Why does the Lewis Queen look scared?

Why does the Lewis Queen look scared?

crazypigg
crazypigg
Sep 26, 2012, 12:54 PM |
2

 

I've recently been reading a lot about the Lewis Chessmen (12th-century chess pieces discovered in 1831 in Lewis, Scotland) particularly to try to answer why the queen looks so scared rather than the aggressive piece she is. I can't say I've found a definitive answer yet but there was some very interesting writing about it.

If we assume the queen moves like she does today, “The queen has more freedom of movement, and is therefore more dangerous than all of the other chess pieces; but conversely, the loss of the queen to an attacker is a severe handicap to the player. No wonder she looks so anxious and careworn.” (The journal of the American Medical Association, 2011)

But these pieces were used in the 12th century when the queen's moves were much more restricted (more like the King). 

My favourite mention of the lack of aggression was from Oliver Postgate (who created children's animation programmes in the 60s and 70s):

 “At different times both Peter Firmin and I had visited the Edward VII Gallery at the British Museum, where we had both noticed a set of Norse chessmen from the island of Lewis. What had impressed us was that, far from being fierce and warlike, it was clear that these were essentially kindly, non-belligerent characters, who were thoroughly dismayed by the prospect of contest . . . it occurred to Peter that the chessmen . . . could well have been called Nogs, that their prince was a Noggin and that the wicked baron . . . could be their . . . uncle, perhaps a Nogbad.”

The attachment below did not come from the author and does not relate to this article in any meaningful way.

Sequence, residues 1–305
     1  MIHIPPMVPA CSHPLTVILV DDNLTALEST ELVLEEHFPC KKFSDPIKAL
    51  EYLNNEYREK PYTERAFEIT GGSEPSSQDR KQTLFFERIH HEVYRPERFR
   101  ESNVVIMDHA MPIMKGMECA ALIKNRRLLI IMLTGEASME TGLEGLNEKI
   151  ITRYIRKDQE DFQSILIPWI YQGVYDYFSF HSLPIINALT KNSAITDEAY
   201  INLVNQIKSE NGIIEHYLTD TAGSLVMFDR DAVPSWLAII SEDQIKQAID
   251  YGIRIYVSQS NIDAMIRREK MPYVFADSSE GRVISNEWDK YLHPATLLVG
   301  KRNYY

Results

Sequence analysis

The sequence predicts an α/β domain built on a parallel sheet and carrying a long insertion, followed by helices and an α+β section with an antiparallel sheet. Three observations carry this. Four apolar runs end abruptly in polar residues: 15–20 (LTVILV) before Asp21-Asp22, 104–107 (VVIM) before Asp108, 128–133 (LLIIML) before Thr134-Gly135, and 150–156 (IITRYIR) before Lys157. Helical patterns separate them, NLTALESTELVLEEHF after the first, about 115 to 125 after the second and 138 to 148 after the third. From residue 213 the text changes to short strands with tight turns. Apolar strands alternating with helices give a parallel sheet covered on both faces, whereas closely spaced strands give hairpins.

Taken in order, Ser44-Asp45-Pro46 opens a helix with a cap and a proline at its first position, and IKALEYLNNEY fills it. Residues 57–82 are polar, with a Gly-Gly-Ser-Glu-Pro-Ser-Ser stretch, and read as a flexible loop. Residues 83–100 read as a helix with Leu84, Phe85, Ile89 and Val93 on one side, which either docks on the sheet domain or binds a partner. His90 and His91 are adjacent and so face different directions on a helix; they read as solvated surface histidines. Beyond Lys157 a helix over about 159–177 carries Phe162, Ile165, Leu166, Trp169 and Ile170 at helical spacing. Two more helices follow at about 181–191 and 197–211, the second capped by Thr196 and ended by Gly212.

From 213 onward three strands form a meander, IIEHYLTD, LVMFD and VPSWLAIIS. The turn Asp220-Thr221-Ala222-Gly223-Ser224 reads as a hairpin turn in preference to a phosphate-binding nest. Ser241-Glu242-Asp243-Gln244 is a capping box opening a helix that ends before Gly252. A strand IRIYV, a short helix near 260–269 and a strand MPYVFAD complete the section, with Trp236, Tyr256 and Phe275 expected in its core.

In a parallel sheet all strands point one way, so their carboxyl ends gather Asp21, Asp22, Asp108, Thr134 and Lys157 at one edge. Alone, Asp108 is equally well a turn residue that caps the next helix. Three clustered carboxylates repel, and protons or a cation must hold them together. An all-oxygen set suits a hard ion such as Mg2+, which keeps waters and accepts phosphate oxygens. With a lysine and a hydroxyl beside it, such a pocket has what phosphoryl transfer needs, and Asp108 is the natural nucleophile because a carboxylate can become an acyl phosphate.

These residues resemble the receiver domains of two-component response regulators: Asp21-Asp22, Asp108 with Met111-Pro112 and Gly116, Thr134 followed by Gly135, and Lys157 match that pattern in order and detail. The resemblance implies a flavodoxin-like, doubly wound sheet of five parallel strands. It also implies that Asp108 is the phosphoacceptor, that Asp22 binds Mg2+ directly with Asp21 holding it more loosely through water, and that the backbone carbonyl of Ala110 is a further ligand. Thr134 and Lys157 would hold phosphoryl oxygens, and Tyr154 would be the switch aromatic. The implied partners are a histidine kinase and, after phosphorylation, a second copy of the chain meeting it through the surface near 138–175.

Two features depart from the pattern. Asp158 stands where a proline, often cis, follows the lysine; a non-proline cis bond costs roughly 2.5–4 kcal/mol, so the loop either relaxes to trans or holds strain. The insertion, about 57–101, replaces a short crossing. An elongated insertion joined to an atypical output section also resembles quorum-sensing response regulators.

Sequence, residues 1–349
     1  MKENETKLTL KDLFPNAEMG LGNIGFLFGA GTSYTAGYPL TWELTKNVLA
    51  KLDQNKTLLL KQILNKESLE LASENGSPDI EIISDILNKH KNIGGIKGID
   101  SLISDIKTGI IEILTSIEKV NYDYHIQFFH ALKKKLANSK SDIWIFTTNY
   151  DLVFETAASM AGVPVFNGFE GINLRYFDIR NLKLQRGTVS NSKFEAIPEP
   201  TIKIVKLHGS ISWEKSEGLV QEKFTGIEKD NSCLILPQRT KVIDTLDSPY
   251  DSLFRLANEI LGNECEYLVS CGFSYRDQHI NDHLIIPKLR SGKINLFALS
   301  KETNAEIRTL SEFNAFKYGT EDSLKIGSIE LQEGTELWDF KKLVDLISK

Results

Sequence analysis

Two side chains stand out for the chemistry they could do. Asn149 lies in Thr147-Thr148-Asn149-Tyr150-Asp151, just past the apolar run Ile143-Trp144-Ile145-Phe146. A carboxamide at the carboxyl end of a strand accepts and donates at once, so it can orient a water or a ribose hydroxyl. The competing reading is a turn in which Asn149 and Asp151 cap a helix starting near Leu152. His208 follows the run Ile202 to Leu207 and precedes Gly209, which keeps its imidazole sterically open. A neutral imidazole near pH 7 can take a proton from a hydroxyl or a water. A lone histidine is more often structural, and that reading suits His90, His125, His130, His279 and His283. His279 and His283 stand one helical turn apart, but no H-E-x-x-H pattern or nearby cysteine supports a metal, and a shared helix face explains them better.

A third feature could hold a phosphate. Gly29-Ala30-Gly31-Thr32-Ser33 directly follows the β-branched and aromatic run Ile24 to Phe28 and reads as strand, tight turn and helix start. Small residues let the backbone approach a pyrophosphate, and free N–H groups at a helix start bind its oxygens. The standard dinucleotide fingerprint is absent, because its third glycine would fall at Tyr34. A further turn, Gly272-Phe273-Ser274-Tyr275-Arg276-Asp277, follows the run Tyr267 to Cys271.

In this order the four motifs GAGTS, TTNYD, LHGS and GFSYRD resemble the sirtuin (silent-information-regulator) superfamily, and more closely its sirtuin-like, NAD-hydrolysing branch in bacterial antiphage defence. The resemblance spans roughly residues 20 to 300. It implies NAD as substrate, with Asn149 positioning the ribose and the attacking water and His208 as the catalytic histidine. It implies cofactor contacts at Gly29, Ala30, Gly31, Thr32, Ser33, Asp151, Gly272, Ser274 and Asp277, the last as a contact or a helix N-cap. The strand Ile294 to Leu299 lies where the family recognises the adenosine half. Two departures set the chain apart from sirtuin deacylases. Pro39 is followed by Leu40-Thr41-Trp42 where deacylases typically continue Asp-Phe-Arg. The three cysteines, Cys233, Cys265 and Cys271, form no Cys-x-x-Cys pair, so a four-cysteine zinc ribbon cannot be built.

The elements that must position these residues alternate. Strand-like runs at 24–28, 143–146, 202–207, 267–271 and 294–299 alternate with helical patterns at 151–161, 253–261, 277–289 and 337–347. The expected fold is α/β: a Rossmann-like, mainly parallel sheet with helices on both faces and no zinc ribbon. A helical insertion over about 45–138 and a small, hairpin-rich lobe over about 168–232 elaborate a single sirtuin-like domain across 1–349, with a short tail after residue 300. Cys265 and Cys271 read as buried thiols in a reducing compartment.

This is taken from a large document called “The Lewis Hoard of Gaming Pieces: A Re-examination of their Context, Meanings, Discovery and Manufacture” By DAVID H CALDWELL, MARK A HALL and CAROLINE M WILKINSON (Society for Medieval Archaeology 2009) lewis/MED_05.pdf

This paper is very detailed and well worth a read if you’re interested.

So perhaps the "non-belligerent" character of the queen combined with the fact that she moved less aggressively and more like the king in those days meant that she was, justifiably quite scared in battle. 

Noggin the Nog: http://www.youtube.com/watch?v=2pyOJgNnvYo

Wikipedia: http://en.wikipedia.org/wiki/Lewis_chessmen